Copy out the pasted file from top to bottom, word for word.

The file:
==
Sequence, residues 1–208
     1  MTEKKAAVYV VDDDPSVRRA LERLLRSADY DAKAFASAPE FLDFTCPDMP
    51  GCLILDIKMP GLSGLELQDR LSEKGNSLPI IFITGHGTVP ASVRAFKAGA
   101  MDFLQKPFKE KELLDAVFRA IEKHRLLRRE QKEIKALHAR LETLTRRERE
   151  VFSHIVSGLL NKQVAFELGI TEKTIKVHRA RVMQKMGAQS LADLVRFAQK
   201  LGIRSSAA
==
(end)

Sequence, residues 1–208
     1  MTEKKAAVYV VDDDPSVRRA LERLLRSADY DAKAFASAPE FLDFTCPDMP
    51  GCLILDIKMP GLSGLELQDR LSEKGNSLPI IFITGHGTVP ASVRAFKAGA
   101  MDFLQKPFKE KELLDAVFRA IEKHRLLRRE QKEIKALHAR LETLTRRERE
   151  VFSHIVSGLL NKQVAFELGI TEKTIKVHRA RVMQKMGAQS LADLVRFAQK
   201  LGIRSSAA